Negative Equity Rate Falls to 23.8%, But 'Still Very High'

Negative Equity Rate Falls to 23.8%, But 'Still Very High'The portion of homeowners “underwater” on their mortgages — known as the national negative equity rate — continues to slide, falling to 23.8 percent in the second quarter, from 25.4 percent in the first quarter of 2013, Zillow reports in its just-released update.
The negative equity rate, which counts borrowers who owe more than the value of their homes, has been falling for the past five quarters.
Year-over-year, the rate fell 7 percentage points from 30.9 percent in the second quarter of 2012.
In the second quarter of 2013, more than 805,000 American homeowners came out of negative equity, riding rising home values.
However, more than 12 million homeowners with a mortgage remain underwater.
“Despite these high rates of appreciation, negative equity is still very high and will remain high as deeply underwater homeowners are slowly being lifted toward positive equity,” Zillow reports. “This is a process that will take several years – especially in the hardest hit markets – to work off the high levels of negative equity.”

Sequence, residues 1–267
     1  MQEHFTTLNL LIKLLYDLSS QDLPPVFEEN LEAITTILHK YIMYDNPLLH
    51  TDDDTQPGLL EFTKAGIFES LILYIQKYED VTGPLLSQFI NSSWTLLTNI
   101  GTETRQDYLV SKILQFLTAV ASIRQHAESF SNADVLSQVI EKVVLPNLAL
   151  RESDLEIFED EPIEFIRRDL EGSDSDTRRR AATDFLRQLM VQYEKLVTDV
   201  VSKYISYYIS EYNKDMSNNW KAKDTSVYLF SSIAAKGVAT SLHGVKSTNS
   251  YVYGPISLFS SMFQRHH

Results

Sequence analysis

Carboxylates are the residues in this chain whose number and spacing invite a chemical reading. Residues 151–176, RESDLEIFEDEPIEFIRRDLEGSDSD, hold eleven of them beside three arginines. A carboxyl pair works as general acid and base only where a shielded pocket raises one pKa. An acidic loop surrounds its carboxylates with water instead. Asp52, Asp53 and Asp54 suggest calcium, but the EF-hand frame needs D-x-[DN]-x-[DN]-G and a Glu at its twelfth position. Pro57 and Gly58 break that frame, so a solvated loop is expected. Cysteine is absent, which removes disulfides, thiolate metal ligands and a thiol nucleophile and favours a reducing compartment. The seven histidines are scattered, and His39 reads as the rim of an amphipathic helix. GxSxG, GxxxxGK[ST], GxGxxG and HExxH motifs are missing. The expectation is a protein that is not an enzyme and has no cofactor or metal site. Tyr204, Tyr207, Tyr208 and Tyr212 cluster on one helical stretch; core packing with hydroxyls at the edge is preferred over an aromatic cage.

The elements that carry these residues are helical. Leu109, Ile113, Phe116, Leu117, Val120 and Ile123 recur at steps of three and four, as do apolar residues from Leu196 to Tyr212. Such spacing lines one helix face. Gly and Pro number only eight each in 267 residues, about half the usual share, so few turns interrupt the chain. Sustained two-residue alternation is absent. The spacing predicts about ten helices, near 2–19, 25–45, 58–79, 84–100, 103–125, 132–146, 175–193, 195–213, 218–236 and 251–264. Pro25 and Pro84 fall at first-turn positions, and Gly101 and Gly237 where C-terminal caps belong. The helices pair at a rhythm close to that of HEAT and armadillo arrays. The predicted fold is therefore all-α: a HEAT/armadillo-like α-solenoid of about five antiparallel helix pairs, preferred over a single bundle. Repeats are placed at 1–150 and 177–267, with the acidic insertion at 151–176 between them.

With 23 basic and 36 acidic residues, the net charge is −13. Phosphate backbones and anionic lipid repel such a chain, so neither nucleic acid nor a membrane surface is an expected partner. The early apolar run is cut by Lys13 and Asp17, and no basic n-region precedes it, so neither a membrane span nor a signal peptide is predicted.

The effective negative equity rate nationally — where the loan-to-value ratio is more than 80 percent, making it difficult for a homeowner to afford the down payment on another home — is 41.9 percent of homeowners with a mortgage.
“While not all of these homeowners are underwater, they have relatively little equity in their homes, and therefore selling and buying a new home while covering all of the associated costs (real estate agent fees, closing costs and a new down payment) would be difficult,” Zillow said.
Of all homeowners – including the roughly one-third who do not have a mortgage and own their homes free and clear – 16.7 percent are underwater.
High rates of home value appreciation across the nation is the maindriver of lower negative equity levels.
Some of the hardest hit markets during the housing bust are now showing the highest rates of home value appreciation. These are in turn driven by high rates of negative equity.
Markets that have seen the highest levels in home value appreciation in July include these cities in California and Nevada: Sacramento (33.1 percent), Las Vegas (30.8 percent), San Francisco (27.8 percent), Riverside (27.3 percent) and San Jose (25.1 percent).

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